As of February 2018 when writing this blog the CMS is still up and running. We started using it in October 2014. It has been over 3 years since the initial version was put live and it is still going strong. There has been some additional development and improvements over the years (As with all IT projects). I will be writing a few more blogs documenting what improvements we made. Utilising Codeigniter to quickly achieve what our business required.

I have a few more plans for our CMS. Firstly to upgrade the version we are using. Along with integrating third party API’s to help us collate the information into one single dashboard.

Thumbs Up or Thumbs Down

I would definitely recommend Codeigniter to anyone who is on a tight budget but needs a framework to build out their solution. I have helped a few people out with their websites over the past 18 months which have been built using Codeigniter and that hasn’t dampened my view.

Their are a few new kids on the blog in terms of PHP based MVP frameworks such as Laravel. Which if you are starting from scratch may be worth looking into. That said I still think that Codeigniter is the quickest to get up and running and the easiest for programmers to get to grips with.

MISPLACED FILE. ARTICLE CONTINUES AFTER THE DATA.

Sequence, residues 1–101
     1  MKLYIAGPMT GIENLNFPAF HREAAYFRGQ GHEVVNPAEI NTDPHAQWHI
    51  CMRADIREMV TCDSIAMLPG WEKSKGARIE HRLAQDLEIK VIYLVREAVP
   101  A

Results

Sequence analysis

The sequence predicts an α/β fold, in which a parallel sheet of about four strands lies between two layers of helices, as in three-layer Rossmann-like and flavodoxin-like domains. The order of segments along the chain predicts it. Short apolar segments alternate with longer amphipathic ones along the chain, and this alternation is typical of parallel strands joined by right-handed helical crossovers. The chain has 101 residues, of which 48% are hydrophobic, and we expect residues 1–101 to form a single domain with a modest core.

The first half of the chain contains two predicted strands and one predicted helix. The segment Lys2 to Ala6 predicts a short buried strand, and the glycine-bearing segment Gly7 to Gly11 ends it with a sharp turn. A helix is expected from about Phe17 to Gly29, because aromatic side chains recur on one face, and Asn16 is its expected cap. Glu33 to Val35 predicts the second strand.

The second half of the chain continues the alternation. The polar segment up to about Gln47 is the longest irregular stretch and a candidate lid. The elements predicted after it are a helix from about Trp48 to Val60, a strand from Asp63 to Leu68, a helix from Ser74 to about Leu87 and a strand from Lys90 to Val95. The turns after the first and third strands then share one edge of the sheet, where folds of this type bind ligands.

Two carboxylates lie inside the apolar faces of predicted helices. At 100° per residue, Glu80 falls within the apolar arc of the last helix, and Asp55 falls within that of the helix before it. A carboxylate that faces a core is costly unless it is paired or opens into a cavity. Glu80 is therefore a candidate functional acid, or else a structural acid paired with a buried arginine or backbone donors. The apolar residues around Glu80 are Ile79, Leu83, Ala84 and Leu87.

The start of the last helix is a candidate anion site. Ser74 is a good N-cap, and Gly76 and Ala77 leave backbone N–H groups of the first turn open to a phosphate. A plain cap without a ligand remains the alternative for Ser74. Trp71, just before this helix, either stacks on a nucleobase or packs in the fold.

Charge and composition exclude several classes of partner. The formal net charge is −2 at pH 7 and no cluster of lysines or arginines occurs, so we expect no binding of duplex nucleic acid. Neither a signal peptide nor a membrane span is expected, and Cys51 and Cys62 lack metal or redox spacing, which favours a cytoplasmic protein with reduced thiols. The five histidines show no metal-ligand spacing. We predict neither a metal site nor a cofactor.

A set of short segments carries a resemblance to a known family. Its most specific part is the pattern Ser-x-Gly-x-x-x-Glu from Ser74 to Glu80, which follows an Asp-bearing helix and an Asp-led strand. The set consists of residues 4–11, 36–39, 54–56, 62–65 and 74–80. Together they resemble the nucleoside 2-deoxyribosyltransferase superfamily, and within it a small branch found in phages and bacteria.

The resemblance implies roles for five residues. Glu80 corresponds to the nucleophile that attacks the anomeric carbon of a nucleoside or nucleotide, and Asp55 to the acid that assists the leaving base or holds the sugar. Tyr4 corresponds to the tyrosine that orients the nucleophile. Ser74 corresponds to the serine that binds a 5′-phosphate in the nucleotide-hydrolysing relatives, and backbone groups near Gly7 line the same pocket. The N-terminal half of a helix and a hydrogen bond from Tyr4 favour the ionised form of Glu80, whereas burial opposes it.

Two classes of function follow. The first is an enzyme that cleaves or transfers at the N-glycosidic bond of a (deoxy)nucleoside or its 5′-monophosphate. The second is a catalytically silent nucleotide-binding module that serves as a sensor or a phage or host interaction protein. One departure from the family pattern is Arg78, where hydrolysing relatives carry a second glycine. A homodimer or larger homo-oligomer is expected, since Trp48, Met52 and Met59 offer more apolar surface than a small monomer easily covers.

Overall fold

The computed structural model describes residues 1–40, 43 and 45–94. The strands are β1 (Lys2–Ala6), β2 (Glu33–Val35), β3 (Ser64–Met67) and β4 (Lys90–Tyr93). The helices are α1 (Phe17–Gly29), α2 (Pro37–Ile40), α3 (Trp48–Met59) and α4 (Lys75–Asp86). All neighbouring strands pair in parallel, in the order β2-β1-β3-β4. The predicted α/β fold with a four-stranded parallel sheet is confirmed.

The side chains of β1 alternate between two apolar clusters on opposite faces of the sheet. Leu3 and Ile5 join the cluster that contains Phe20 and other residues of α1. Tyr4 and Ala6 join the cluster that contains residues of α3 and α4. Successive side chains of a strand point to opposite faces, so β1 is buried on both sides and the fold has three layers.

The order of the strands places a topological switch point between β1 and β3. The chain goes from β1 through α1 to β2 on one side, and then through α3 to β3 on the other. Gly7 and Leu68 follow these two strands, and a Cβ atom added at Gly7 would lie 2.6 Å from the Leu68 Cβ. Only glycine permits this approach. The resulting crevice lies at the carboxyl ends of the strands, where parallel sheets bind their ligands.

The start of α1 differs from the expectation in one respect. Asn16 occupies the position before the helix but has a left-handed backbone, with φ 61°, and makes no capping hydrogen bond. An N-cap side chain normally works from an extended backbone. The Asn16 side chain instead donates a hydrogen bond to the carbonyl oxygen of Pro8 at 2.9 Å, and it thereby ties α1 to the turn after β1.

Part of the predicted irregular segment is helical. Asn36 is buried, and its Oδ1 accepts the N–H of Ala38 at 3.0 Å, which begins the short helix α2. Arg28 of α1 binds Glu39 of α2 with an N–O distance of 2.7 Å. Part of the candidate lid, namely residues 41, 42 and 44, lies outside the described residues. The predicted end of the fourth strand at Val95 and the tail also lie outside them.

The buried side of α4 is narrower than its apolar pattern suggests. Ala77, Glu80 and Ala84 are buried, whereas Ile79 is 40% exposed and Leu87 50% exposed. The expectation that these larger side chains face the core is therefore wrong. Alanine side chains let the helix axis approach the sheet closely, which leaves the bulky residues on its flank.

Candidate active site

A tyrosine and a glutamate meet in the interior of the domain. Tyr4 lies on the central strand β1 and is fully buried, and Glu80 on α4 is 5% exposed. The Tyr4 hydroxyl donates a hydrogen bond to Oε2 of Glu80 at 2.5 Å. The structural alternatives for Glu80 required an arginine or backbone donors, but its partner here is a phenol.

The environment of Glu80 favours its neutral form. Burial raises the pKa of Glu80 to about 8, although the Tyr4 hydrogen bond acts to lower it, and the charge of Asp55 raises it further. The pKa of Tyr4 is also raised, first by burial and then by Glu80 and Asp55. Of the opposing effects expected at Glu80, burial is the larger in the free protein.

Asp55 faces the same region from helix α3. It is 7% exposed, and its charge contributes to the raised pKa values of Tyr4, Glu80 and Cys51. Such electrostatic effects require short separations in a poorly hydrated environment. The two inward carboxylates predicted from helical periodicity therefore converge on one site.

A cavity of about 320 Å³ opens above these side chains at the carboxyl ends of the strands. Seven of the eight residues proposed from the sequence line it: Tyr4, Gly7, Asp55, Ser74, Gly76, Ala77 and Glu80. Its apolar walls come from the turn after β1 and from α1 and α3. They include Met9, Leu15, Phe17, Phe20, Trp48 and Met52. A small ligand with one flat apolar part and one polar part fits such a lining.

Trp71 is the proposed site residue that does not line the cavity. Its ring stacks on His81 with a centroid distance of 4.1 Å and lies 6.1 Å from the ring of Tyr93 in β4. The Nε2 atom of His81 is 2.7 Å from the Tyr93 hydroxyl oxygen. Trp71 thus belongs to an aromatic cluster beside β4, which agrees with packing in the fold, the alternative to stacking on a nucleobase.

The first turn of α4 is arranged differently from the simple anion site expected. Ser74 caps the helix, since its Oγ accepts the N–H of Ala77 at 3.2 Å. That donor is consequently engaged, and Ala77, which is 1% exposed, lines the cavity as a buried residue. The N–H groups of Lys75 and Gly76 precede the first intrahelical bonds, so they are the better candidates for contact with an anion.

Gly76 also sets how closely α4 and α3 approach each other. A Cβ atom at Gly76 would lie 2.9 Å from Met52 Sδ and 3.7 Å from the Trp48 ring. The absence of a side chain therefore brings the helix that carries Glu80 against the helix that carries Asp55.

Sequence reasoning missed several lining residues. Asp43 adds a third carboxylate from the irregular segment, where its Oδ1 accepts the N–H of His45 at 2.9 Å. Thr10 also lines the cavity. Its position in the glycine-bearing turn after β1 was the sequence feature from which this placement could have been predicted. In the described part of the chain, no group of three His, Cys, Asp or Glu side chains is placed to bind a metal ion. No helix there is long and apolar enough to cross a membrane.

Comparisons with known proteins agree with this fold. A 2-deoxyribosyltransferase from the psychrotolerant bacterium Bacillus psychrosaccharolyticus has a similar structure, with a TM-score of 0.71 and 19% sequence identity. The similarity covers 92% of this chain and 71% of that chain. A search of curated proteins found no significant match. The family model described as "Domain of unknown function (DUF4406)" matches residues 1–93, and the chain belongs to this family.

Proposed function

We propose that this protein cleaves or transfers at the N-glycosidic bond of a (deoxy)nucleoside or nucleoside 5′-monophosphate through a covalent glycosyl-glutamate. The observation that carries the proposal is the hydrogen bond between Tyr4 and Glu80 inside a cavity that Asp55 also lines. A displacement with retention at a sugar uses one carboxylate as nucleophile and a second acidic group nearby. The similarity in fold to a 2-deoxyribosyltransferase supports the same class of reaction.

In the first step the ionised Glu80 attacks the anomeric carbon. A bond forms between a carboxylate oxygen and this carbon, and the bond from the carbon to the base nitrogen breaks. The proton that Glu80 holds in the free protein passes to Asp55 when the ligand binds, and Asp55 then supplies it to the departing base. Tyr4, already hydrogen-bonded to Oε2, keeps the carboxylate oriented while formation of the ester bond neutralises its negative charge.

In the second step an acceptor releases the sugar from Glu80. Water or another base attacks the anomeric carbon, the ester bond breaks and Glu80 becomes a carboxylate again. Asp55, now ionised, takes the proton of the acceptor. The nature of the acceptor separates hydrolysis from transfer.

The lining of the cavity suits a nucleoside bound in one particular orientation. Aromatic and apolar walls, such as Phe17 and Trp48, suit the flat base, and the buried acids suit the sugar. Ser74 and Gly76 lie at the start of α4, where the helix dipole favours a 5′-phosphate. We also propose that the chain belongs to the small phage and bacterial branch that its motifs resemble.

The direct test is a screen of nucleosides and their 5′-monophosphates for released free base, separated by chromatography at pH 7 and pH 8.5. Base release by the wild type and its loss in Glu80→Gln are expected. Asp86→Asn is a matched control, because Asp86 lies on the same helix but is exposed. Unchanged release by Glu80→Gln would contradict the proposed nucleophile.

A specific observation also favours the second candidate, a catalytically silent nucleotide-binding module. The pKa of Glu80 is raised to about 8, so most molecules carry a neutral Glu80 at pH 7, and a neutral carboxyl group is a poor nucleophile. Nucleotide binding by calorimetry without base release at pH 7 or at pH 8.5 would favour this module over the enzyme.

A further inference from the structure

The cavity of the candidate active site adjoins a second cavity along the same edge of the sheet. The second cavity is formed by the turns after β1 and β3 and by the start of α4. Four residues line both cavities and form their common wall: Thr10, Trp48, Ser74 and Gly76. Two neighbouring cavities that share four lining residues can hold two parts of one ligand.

If you would like to know more about the projects that I have used Codeigniter on. Or have any questions please get in touch. Cheers

I have written a few users guides from what I have learned using CodeIgniter, if you would like to find out more you can here

Category: Tech
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    Comments (2 people commented this post)

    • avatar image

      Ale

      March 1, 2018 Reply
      Hi! I 'm a fan boy of CI, and I use it everyday in my job, for a lot of projects. A question: You told about CI but your site is with WP now., what happen ?
      • avatar image

        Phil

        March 1, 2018 Reply
        Hi Ale. Thanks for commenting. Oh, I didn't use it for my personal blog or as a marketing site, may as well use WP for blogging, no point re-inventing the wheel :). I used CI to build a CMS for a business I'm involved in. The content was then served up using an API to Android an iOS apps. Our content is very niche so it made sense to use a framework like CI to build it. I really like CI. As you use it everyday I would be interested to hear your Pros and Cons regarding the framework.